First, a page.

3.4.3.3 The Center Medical Director or designee shall develop nutrition awareness activities that:

a. Address the impact of food and supplements on disease management and prevention;

b. Provide consultation services to the food service vendor; and

c. Develop a set of metrics for program evaluation.

3.5 Solar Safe Program

3.5.1 Policy

3.5.1.1 Since the majority of the NASA Centers are located in the Sunbelt, the NASA workforce is potentially at risk for developing some forms of skin cancer. All NASA Centers shall follow the principles of Solar Safe.

NOTE: The agenda for the Solar Safe Program is found on the Occupational Health Program Web site at www.oph.nasa.gov.

3.5.2 Responsibilities

3.5.2.1 The CHMO shall provide policy guidance and technical support for implementation of the Solar Safe program at NASA Centers.

3.5.2.2 The Center OH COTR shall ensure that Center operations are conducive to the implementation of such programs and related disciplines such as medical and industrial hygiene are acting in concert to achieve maximum benefit.

3.5.2.3 The Center Medical Director shall implement the Solar Safe program. All NASA Centers must provide skin cancer screening as part of their medical services and provide ongoing activities to increase awareness through education.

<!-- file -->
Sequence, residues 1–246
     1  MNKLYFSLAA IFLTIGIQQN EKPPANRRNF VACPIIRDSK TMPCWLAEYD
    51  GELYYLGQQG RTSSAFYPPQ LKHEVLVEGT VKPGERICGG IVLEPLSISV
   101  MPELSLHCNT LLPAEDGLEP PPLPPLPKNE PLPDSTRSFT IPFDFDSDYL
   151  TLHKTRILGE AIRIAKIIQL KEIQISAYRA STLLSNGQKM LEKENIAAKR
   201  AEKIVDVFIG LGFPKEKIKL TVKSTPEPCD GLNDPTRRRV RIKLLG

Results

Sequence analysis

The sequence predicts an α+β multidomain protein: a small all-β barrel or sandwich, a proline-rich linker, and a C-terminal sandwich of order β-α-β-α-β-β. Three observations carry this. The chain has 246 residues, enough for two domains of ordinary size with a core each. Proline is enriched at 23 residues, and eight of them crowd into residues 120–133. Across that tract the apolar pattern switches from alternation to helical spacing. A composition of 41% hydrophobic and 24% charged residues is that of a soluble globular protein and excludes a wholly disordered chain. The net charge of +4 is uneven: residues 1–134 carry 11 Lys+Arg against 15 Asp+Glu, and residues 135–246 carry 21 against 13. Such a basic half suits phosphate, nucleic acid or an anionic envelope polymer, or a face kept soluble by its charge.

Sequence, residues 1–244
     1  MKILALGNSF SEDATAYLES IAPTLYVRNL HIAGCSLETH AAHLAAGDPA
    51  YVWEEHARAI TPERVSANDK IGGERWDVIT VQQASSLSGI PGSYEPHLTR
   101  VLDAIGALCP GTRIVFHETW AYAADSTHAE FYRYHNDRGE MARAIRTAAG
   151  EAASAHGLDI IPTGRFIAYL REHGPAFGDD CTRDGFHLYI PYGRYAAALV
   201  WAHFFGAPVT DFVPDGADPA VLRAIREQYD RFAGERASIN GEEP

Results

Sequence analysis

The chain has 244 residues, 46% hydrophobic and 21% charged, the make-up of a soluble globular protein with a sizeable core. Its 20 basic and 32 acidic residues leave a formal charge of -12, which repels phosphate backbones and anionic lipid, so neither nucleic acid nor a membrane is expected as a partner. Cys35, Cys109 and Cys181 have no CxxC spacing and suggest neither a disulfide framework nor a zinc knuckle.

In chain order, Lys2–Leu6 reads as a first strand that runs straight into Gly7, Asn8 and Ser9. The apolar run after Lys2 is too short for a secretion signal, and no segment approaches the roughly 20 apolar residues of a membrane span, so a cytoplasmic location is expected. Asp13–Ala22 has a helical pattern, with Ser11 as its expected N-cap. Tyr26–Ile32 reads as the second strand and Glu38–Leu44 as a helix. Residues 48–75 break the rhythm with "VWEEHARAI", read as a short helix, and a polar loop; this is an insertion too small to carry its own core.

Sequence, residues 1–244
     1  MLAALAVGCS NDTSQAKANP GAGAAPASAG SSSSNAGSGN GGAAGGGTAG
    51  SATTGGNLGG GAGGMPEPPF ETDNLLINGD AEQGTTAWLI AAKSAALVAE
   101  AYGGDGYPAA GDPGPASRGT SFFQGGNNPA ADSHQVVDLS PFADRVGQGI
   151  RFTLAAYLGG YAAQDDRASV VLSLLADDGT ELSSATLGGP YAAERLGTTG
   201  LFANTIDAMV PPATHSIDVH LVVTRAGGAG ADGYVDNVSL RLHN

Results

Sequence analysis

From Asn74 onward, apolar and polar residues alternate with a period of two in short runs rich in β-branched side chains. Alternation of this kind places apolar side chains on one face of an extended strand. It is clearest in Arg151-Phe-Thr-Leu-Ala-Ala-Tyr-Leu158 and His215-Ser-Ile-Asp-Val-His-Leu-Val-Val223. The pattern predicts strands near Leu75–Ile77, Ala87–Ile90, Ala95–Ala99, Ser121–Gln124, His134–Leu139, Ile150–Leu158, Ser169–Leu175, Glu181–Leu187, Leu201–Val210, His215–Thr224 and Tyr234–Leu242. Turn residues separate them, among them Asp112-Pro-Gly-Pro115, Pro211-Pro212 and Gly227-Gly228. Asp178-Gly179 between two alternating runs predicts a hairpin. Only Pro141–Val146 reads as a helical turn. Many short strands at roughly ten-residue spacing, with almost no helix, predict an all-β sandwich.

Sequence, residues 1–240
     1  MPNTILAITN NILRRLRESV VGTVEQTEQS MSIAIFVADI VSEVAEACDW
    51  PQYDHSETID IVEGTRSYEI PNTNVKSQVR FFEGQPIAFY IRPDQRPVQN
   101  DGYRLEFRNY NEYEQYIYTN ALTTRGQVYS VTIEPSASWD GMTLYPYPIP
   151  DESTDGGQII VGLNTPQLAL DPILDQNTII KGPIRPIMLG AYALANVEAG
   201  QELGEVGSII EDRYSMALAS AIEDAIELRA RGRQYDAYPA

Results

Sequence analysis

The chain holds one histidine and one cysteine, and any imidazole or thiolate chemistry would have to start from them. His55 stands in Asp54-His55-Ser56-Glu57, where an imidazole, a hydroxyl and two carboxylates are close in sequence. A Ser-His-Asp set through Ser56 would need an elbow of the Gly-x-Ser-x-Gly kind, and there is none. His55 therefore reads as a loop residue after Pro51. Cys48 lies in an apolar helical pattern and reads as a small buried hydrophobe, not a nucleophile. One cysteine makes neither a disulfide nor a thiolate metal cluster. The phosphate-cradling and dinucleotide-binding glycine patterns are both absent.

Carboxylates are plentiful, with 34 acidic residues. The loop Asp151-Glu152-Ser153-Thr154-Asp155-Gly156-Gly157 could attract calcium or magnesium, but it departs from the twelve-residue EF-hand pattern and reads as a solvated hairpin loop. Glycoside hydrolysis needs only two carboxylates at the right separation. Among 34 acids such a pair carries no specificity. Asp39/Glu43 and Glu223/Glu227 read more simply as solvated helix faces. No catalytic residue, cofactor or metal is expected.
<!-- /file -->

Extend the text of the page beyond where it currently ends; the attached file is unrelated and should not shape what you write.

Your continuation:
3.5.2.4 The Center-specific health promotion team shall participate in the development and assessment of the Solar Safe program.

3.5.2.5 The Center Medical Director designees shall provide the CHMO with a periodic assessment of their progress and program outcome.

3.5.3 Process Description

3.5.3.1 The CHMO shall provide policy guidance and support for overall planning, oversight, and evaluation.

3.5.3.2 The Center OH COTR shall review and comment on the Center's Solar Safe program components. The COTR shall ensure collaboration between the disciplines, especially if more than one contractor is involved. When warranted, the COTR shall advocate for a work environment conducive to the success of the program.

3.5.3.3 The Center Medical Director or designee shall develop a broad plan of action to address sun safety, especially if the workforce is involved in outdoor activities in relation to job duties.

3.5.3.4 The Center Medical Director or designee shall work in partnership with related disciplines such as industrial hygiene, the employers, the supervisors, and union representatives to:

a. Build a sustainable and comprehensive program that addresses behavior modification through education and communication of relevant health information;